Editor’s note: Porsche is a marque known to favor consistency, tradition, and evolution, rather than total reinvention. It’s devotees often extoll the same virtues, and that’s perhaps why Porsche has become such an enduring icon. However, that impetus for tradition doesn’t preclude radical experimentation.
Take, for example, Mike Davidson. He’s the owner of this 1967 Porsche 912. And though it may look relatively standard by external appearances, a quick peek into the engine bay reveals something rather unique. Here’s a hint: the vanity plate says “912RSTI” for a reason.
“When I was growing up, my dad always had a cool sports car that was fast and loud.”
From multiple 1957 Chevy Bel Airs to a few Toyota Supra Turbos, there was always something to be cruising in. I also grew up on dirt bikes three-wheelers, so I wanted a motorcycle during high school. The parents didn’t allow me to buy one, so I ended up with a Manx-style dune buggy instead! That was the first project that really inspired me to keep building.
My 912 came to be after my dad had given me one of his old '57 Bel Airs. It needed some work. It had sat, untouched, in the yard of my gramma’s house in Indiana for several years, but all the parts were there. After I got it running, I wanted to trade it for a Porsche 914—I planned to do a V8 install on it. However, a man from Monterey, California, contacted me about trading him for a 912.
I had no idea what it was at the time, but after working with my brother, we ended up sealing the deal. I paid to ship both cars since I was just outside Detroit at the time, and got the cars safely delivered to their new owners. The 912 was running, but it also needed work like the Bel Air.
After putting around the Midwest for a while, I graduated college and moved to the San Francisco Bay area. One morning, my brother and I took our Porsches out for a fun drive. After I had broken down about three times, we decided that we needed to rebuild the whole car.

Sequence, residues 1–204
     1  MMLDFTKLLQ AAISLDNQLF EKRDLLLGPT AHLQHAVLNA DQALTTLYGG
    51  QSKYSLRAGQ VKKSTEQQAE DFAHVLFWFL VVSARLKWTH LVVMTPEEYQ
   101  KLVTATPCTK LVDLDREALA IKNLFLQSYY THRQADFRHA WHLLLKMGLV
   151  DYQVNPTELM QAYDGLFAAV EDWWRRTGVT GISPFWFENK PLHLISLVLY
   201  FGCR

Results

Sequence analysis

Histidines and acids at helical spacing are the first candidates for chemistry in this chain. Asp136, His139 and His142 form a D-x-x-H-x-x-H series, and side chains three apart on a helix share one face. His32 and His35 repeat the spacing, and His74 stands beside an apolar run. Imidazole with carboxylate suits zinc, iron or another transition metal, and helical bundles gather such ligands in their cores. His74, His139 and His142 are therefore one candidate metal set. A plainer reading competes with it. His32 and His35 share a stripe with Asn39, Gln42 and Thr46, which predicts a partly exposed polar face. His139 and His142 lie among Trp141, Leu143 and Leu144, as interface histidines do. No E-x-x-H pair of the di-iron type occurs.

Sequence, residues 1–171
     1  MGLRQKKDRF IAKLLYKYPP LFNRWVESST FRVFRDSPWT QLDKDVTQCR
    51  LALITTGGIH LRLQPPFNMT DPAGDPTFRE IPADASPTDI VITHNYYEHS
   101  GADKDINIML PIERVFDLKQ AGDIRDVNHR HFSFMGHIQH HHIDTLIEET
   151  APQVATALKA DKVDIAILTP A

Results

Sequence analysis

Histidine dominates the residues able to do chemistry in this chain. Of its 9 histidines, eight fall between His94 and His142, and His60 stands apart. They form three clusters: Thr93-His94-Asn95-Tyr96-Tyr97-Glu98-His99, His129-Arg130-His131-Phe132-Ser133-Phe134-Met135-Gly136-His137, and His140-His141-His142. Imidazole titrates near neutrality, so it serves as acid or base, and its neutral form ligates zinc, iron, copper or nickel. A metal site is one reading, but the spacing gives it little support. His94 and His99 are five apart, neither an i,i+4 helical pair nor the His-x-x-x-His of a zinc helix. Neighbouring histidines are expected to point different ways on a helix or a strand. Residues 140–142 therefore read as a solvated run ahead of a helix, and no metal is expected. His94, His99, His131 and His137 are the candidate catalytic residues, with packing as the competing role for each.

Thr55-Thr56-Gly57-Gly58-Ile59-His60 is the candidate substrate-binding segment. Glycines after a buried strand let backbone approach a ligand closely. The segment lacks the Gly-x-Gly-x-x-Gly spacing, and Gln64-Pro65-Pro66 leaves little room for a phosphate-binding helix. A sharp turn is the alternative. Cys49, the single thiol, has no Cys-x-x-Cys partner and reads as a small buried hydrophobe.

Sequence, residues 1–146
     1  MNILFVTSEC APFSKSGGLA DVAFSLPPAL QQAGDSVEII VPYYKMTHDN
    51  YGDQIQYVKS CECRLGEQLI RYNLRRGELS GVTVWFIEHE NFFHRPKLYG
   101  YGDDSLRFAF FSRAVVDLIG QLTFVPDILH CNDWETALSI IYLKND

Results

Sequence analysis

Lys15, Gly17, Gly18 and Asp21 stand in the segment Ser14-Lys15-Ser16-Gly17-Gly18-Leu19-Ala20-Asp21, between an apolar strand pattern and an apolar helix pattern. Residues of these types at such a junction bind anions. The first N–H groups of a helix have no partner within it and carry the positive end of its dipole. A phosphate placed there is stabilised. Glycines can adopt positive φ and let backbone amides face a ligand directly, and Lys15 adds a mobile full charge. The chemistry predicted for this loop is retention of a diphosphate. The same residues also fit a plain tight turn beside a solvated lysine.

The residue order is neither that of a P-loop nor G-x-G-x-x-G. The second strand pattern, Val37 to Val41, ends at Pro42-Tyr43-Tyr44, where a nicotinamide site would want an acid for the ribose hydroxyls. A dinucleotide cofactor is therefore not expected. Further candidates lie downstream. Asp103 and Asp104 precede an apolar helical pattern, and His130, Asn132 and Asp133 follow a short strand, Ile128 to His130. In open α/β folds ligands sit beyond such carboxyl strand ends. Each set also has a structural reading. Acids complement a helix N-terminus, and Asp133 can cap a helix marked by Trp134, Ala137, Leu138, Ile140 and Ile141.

When we started diving in, we noticed it was going to be a lot of work. We needed new metal: rockers, strikers, a front pan, and miscellaneous dent repair. During the repair process of putting in new metal, we also decided to convert some things to fiberglass and carbon fiber, including the fenders, bumpers, hood, and rear ducktail. Luckily, my brother had gone through his 1975 911S from the ground up, and he took the lead in helping me with my 912.
After four years, we finally got it back together with a newly freshened-up 901-series transmission and a weak 356 industrial motor. (It may have put out about 50hp on a good day.) Since these didn’t match the car anyways, it was an easy choice to think about converting to a new motor.
Most people would go with a newer 911 motor, or perhaps a VW motor. I’ve even seen V8 or rotary motor swaps. But I grew up around Subarus. I idolized the 555 rally car, and I’ve always wanted to have the STi. After a bit of research, I found a gentleman near me who was building this exact transplant into his ‘68 912. When I found this out, I knew I had to do it too!
So Christmas ended up coming early when I bought a V7 Subaru WRX STi Spec C motor from Canada. My brother was on board to make it work and learn a few things in the process. We took another 2 years to get the engine and newer transmission (a 915-series) into the car and running properly and safely.
Now, I have a car with all the benefits of a Subaru along with the power of a new Porsche. It starts every time, doesn’t leak oil, and even gets 28 miles per gallon. I can take it to the store to get eggs, but I can hit the track as well and lay down some very competitive times. It’s a unique build, but ultimately quite fitting for a 912. I just exchanged one flat 4-cylinder boxer motor for another.